Anyone who has suffered from urinary incontinence knows that just laughing can bring on the embarrassing symptom: urine leakage. Primarily a female condition, it is a huge problem with one study suggesting that more than 35 percent of women will experience some type of incontinence in their lifetime.
Whether you are male or female, incontinence can wreak havoc in all areas of life. Careers, relationships and overall self-esteem can suffer from the effects of an unpredictable bladder.
“The good news is that you do not have to live with it,” says obstetrician/gynecologist Dane M. Shipp, MD, from Scripps Memorial Hospital Encinitas. “Urinary incontinence is a medical problem, and it can be treated.”
As early as the 1400s, physicians were concerned about urinary incontinence, and surgical procedures for the condition were developed in the 1500s. In 1987, more than 400,000 operations for urinary incontinence were performed in the U.S. Today, with an estimated 11 percent lifetime risk of needing surgery for the condition, more than 7 million surgeries are projected by 2030.
Urinary incontinence is classified into four main categories — urge, stress, mixed and overflow. Urge incontinence results when an overactive bladder contracts unexpectedly. An individual may feel the need to urinate, but can’t wait until she gets to the bathroom.
Stress incontinence has nothing to do with emotional stress, but rather is determined by urine leakage during physical activity such as lifting, walking, laughing, sneezing or coughing. The lack of bladder control may be due to poor bladder support by the pelvic muscles or a weak or damaged urethral sphincter muscle.
Mixed incontinence is a combination of urge and stress incontinence. Overflow incontinence occurs when the bladder becomes so full that it overflows. A weakened bladder or a blocked urethral sphincter muscle can interfere with normal urine flow. The condition is often seen in heavy alcohol users or individuals with diabetes. An enlarged prostate can also create this condition in men.
Besides the obvious leakage of urine, other symptoms can include a bulge in the vagina. Pain in the pelvic area with strain, activity or sex may also be indicators. Dr. Shipp recommends that you see your physician right away if you experience any of these symptoms.
“Often, I see patients who have suffered for a long time before they came in to see me, and all they had was a urinary tract infection that could have been cleared up easily,” says Dr. Shipp.
Although urinary incontinence has traditionally been seen as an inevitable part of aging, today there are therapies to help prevent and treat the disorder.
The determination of the true nature of a urinary tract problem requires a complete history and physical exam that may include basic urodynamic evaluation and testing. The evaluation can often rule out the most easily fixed problem, a urinary tract infection. A patient’s personal history helps the physician take into account what medication side effects may be producing or contributing to incontinence.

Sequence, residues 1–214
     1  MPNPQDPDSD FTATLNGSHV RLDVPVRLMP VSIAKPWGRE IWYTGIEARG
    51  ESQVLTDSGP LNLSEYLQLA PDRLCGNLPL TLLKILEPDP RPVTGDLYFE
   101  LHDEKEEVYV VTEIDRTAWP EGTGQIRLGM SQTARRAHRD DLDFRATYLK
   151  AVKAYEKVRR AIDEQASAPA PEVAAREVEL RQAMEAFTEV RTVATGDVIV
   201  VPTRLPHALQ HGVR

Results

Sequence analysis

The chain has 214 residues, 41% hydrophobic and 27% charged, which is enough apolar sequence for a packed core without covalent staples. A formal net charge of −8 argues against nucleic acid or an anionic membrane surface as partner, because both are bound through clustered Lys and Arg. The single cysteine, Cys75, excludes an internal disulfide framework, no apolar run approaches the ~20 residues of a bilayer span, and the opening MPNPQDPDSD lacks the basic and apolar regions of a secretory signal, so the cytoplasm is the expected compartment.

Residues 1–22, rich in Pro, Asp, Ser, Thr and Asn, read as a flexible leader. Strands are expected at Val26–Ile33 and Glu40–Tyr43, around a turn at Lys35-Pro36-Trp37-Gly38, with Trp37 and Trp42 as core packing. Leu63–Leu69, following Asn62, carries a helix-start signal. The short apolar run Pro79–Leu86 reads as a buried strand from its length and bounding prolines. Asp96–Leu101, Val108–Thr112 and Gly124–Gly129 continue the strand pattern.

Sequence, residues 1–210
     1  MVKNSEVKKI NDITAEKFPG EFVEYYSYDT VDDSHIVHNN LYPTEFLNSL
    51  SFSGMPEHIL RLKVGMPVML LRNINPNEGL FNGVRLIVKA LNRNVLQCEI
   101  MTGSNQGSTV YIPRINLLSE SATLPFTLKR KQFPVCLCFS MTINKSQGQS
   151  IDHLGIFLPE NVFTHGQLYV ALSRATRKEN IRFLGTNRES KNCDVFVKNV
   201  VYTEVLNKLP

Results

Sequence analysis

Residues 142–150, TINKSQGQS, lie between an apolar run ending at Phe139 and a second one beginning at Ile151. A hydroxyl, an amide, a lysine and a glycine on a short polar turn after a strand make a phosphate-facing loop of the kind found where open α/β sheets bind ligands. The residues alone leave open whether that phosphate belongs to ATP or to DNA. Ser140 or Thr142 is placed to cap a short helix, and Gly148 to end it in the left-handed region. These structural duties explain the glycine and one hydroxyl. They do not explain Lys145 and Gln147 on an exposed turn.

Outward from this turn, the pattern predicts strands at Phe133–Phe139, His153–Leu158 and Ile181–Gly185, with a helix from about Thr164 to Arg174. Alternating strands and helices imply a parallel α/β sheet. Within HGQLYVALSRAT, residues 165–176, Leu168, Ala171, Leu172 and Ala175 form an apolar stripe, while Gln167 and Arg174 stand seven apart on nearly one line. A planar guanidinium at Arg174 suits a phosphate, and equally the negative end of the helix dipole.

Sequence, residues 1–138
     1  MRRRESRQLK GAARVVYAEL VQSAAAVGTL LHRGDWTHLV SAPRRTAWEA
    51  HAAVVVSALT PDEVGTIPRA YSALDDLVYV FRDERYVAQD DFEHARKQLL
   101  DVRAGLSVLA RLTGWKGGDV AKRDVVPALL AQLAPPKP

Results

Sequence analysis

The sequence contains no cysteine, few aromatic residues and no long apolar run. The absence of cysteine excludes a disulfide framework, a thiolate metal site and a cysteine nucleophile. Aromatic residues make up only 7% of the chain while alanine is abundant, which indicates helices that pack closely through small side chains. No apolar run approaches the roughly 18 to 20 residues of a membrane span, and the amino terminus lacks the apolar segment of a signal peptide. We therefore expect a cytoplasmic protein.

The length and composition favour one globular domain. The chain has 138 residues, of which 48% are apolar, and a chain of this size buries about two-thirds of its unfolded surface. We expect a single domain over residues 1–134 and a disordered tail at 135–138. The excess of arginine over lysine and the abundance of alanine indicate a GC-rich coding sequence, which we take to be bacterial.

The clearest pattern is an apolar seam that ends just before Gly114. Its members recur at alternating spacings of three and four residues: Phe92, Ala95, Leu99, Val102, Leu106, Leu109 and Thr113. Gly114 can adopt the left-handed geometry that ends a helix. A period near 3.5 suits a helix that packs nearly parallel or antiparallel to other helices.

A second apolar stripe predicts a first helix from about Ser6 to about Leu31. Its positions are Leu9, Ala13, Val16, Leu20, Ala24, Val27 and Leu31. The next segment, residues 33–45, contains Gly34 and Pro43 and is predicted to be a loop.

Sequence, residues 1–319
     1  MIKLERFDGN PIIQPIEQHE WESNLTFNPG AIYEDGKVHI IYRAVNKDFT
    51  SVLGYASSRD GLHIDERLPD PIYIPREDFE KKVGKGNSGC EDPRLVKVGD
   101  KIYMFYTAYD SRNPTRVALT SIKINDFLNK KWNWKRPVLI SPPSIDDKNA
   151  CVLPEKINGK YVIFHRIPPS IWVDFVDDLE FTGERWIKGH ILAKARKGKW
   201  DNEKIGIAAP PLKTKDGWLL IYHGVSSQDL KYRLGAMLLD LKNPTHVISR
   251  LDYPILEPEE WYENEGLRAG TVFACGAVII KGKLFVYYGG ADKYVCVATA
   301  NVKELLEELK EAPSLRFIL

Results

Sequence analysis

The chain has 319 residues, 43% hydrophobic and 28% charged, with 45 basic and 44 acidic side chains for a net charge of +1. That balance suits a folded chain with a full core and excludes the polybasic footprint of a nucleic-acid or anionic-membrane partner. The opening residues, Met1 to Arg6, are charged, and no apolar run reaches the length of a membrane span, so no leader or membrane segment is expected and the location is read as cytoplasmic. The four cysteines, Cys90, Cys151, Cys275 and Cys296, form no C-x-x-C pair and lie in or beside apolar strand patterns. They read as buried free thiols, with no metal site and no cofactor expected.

During the exam, estrogen-related incontinence symptoms in menopausal women would be identified. The evaluation can also discover problems such as abnormal organ connections, known as fistulas, in the lower urinary tract or bulges in the intestine. Often, urologs, or bladder diaries, are used to track intake and outflow of fluids.
After a proper work-up, the causes of symptoms can be determined. Problems related to infection, bladder stones or tumors, metabolic factors such as diabetes, polydipsia (excess water consumption) and medication interactions would be assessed.
Cystoscopy/urethroscopy provides a visual look inside the bladder by inserting a small camera, enabling the physician to see inflammation, bulges, growths and even cancer. In uroflowmetry, a small monitor placed in the commode records the rate of urine flow over a period of time.
Multichannel cystometry testing, typically used to diagnose urge incontinence, is able to provide information on the dynamics of the bladder and related organs. The information recorded in multichannel cystometry testing helps the physician determine exactly what is causing the condition and the best medical or surgical procedure for optimum results.
Many times, lifestyle changes or medications can eliminate or improve the condition. Weight loss, limiting fluid intake, eliminating diuretic fluids and scheduled bathroom visits are lifestyle changes that can help. Pelvic muscle exercises known as Kegels have an 84 percent success rate, with 40 percent of patients deciding to forgo surgery after seeing the results. Developed by Arnold Kegel, MD, in the 1940s, the exercises are easy to do and can be completed at home.
The Scripps Rehabilitation Center at Scripps Memorial Hospital Encinitas has an established bladder control therapy program. The inpatient program is for people with neurological conditions from stroke or brain injury. A variety of methods are used to retrain individuals how to control their bladder and bowels.
The outpatient bladder control program can be accessed with a prescription from your physician. Specially trained physical therapists will help you learn to regain control of your bladder. Treatments may include Kegel exercise training, bladder retraining, and computer assisted-biofeedback or dietary modifications. Medicare and most insurance cover treatment.
Surgery is the last option when behavior modification, lifestyle changes or medications have not been sufficient.
“We like patients to try the simple things that they can do themselves first,” says Dr. Shipp. “That way we know with full confidence that we have tried everything else before we go to surgery.”